If the Bit Fits

Cow-horse legend Don Murphy explains how to select the bit that best matches your horse's mouth.

Ever pulled on a pair of ill-fitting boots? Maybe they were too small, cramming your toes together. Or they might have been so roomy that your foot sloshed around until you rubbed a blister on your heel. You probably started walking funny, your ankles got tired and your otherwise chipper attitude got stomped all over, too.

Poorly fitting apparel or accessories are annoying enough, but imagine that the area of discomfort is in your mouth. Even worse, imagine getting punished for trying to avoid the pain.

According to trainer Don Murphy, a respected horseman and member of the National Reined Cow Horse Association's Hall of Fame, this describes what too many horses must deal with each time they are ridden. Murphy says that many riders fail to notice whether a horse's bit fits properly in the animal's mouth, and that is a mistake. How a mouthpiece lies across a horse's tongue and bars greatly determines how well that horse performs and progresses through training. The best bit, he says, is not only comfortable for the horse, but also helps the rider give clear, subtle cues, which make training effective and less frustrating for the horse and the rider.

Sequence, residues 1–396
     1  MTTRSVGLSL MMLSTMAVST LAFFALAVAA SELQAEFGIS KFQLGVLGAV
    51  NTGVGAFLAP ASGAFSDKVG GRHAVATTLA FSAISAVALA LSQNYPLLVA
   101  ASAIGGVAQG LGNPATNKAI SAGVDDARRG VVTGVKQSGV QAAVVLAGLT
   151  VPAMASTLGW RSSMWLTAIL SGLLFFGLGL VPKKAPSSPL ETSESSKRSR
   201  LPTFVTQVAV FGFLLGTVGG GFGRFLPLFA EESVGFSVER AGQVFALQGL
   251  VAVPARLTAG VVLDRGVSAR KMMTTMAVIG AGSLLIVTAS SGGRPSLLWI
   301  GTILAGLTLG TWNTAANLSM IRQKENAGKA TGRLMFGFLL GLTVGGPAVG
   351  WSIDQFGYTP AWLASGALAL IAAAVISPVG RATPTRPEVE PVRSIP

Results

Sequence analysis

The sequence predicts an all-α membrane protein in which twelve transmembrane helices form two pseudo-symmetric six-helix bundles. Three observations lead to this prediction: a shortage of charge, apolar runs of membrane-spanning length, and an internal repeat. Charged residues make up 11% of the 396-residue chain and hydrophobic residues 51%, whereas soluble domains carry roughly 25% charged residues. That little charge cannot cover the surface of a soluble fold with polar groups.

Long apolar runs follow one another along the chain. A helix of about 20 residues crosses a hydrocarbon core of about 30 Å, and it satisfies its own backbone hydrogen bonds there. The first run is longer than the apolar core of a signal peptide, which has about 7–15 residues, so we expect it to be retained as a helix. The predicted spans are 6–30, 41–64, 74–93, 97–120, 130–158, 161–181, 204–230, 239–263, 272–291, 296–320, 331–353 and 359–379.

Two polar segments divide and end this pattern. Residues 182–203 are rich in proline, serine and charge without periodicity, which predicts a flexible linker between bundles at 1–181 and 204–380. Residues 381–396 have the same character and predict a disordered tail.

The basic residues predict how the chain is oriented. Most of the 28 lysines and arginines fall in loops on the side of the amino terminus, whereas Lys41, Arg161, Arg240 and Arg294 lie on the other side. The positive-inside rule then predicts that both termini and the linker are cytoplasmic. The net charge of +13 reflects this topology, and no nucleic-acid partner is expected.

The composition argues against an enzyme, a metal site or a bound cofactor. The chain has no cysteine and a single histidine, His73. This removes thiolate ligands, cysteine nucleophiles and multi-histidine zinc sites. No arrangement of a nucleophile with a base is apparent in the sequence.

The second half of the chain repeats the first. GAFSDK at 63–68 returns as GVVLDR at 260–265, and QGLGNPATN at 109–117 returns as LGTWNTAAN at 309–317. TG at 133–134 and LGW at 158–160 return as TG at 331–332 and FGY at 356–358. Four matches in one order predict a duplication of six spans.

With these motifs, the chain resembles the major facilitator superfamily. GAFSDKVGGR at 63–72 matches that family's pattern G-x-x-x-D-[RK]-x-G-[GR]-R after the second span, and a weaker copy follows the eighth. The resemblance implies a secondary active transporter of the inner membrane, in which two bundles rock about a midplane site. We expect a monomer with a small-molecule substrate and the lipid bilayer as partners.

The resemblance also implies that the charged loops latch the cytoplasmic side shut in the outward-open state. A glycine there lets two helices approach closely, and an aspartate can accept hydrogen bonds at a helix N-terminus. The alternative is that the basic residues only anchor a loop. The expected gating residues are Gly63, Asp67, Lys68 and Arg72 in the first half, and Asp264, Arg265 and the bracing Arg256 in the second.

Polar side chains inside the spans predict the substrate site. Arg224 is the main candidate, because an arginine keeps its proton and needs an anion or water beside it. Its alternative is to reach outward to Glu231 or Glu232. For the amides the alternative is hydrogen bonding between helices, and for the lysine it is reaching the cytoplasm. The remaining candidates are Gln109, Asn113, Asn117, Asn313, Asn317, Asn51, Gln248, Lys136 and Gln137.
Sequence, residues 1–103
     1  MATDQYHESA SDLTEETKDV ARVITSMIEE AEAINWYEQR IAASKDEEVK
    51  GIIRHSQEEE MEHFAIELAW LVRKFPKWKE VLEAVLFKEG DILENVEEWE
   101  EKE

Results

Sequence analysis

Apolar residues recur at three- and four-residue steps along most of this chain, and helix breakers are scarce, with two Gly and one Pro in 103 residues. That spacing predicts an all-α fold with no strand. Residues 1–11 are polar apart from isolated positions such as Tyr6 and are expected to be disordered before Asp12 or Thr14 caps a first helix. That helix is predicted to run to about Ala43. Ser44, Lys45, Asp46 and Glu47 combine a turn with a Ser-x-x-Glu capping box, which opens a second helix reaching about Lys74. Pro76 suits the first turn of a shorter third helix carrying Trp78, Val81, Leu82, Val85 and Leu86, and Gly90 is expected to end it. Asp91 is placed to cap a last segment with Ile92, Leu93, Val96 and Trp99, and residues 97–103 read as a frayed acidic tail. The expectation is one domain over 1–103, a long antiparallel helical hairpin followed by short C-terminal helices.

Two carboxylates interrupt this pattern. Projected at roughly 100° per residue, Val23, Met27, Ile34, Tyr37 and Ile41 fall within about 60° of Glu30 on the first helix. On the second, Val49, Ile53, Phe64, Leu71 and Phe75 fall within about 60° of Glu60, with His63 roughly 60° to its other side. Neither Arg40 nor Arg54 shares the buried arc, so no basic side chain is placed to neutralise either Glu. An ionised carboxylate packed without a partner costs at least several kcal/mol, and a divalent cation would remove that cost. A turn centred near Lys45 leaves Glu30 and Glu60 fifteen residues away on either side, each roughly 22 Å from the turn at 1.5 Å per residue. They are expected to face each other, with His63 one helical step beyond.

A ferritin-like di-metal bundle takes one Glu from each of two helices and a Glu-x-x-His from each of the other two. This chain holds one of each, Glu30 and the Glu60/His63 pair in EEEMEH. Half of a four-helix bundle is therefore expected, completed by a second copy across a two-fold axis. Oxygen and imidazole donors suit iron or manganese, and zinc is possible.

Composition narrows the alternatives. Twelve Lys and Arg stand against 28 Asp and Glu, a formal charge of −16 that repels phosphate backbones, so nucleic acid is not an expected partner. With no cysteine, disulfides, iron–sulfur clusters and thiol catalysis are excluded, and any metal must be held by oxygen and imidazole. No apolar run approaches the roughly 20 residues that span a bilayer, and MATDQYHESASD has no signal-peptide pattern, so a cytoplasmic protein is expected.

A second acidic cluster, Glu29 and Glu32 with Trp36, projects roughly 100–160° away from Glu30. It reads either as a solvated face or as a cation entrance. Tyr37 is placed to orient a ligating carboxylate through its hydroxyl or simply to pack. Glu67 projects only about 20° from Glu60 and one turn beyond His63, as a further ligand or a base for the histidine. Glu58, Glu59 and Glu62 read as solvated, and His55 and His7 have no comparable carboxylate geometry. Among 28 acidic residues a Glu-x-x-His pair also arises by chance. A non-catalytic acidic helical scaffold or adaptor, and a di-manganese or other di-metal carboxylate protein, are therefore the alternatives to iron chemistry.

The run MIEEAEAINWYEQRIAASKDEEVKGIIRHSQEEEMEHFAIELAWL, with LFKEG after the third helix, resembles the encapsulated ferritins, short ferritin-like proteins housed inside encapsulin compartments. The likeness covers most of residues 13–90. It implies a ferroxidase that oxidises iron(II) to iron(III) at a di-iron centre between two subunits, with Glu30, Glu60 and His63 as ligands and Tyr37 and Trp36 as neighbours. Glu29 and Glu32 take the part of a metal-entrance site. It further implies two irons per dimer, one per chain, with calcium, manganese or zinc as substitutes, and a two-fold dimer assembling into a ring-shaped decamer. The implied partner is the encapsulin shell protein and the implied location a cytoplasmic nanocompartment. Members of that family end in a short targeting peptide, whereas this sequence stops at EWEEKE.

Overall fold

"If you get the response you like, you will have a nice horse in the long run," Murphy says. "You get different results from the bit not sitting properly in your horse's mouth. You'll find that your horse is going to say ‘no'somehow—by opening his mouth, using [wringing] his tail, pinning his ears or flipping his head.

"A lot of people just put a bit on a horse and try to force the horse to perform. The horse might do it, but there won't be a long-lasting effect."

For the rest of the story, pick up the May 2007 issue of Western Horseman.